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Shropshire Council is consulting on its flood risk strategy. This a good piece of co-working with Staffordshire County Council. But I am not sure that it will allow us to tackle growing flood risk effectively. I’m sceptical that its guidance on planning will be followed in practice. I’m more disappointed that greater attention hasn’t been given to using woodland to alleviate flooding and that farming practices are virtually ignored. The flood strategy needs to be greener and more ambitious. Planning On planning, the strategy gives sound advice: Inappropriate development which could increase flood risk will be avoided, as will inappropriate development in areas of significant flood risk. 5.2(4). We will aim to manage flood risk and drainage associated with new development such that no new flood risk is created and, wherever possible, opportunities to reduce flood risk are taken through early engagement with developers. This a laudable ambition. Unfortunately, such sentiments are too often ignored when planning applications are being considered. The pressure to deliver new housing has been so strong that far too many developments have been built in the floodplain or without adequate regard to their impact on flooding. Objective 5.2.(4) should be given greater prominence in the…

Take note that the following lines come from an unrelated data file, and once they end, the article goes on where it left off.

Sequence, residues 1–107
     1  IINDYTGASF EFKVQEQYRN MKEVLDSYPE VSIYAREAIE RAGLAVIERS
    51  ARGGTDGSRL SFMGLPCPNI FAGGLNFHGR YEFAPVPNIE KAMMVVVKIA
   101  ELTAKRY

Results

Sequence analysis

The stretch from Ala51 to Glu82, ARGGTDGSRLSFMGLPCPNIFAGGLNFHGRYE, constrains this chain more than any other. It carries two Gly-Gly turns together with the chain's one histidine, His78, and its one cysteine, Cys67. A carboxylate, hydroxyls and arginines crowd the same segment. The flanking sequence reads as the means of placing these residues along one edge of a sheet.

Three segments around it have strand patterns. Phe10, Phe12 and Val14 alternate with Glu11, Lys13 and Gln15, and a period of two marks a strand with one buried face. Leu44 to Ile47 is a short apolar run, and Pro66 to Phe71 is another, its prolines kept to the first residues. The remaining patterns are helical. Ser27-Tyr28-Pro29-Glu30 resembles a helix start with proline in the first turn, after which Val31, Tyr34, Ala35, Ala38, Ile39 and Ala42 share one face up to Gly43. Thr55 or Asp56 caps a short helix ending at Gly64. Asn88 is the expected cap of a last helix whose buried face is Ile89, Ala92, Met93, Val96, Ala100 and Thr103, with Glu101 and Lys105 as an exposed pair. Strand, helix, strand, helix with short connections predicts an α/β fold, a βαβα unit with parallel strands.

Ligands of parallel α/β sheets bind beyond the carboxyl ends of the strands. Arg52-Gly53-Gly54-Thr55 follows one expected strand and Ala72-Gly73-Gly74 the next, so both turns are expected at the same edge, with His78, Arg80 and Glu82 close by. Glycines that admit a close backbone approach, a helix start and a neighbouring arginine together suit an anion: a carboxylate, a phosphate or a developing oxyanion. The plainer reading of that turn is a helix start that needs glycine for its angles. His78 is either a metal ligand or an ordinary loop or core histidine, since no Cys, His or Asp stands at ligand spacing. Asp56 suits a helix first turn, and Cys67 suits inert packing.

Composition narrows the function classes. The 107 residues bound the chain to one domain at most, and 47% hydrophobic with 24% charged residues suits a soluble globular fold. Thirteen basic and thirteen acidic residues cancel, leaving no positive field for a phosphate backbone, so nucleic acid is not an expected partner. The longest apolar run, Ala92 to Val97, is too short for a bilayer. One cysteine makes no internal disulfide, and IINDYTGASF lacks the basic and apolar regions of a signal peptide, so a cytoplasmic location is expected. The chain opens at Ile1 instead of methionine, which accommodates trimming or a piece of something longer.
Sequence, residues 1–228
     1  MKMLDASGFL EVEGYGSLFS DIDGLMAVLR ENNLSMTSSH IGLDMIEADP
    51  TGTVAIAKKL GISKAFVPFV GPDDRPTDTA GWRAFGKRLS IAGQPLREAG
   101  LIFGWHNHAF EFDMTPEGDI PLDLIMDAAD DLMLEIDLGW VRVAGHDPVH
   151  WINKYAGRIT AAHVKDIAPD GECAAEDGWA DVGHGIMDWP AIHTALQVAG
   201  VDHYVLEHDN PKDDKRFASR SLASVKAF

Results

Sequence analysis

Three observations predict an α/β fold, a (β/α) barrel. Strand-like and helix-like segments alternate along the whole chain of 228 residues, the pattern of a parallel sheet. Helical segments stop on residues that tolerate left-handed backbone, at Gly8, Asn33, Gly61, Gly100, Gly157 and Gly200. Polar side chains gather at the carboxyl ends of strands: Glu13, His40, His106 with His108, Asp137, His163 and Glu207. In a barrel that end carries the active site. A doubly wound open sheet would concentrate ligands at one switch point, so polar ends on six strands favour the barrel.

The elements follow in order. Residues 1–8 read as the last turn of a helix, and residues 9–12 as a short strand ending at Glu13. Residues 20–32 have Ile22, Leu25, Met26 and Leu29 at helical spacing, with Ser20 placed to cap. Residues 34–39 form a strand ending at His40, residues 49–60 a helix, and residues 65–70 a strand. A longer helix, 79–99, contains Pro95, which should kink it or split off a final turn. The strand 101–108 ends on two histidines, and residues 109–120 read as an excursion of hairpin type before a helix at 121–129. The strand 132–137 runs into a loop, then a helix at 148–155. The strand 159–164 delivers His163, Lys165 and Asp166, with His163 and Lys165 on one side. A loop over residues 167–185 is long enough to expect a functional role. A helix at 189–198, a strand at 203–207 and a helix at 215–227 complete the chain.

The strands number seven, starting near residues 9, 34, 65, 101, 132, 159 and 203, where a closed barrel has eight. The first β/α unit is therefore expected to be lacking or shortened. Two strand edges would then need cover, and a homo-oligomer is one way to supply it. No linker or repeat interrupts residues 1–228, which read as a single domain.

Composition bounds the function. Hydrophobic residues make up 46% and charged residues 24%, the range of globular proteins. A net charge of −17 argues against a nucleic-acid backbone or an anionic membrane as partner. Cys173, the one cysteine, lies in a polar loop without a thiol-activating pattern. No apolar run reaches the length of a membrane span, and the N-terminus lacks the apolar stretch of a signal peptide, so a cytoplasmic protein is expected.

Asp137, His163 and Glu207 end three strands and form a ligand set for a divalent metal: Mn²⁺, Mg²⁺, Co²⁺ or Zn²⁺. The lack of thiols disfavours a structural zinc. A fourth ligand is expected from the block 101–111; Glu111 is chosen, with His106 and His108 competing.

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Shropshire Council is planning to bump up the charges for travel to school by 68% to nearly £900 per year for most 17 and 18 year olds. With inflation at less than 2% that’s eye-watering. The proposed charges from September 2014 are: Students from families not on defined benefits: £876 a year (previously £520) Students from families currently on defined benefits: £142.50 a year (previously free) There’s a £30 annual administration charge too. These proposals are unfair and short sighted. This is a low wage area. The new transport charges are significant amounts for any family and are likely to be unaffordable in many cases. A family on benefits will have to find more than £170 a year by cutting back on other expenditure. If we want Shropshire to flourish we must do all we can to help our young people thrive. Access to post-16 education and training is vital to ensure that our young people have the skills for their future. To hike charges and hinder access for those who can least afford it will perpetuate inequalities that weaken our society. If young people are denied the chance to meet their full potential, our economy and society will be…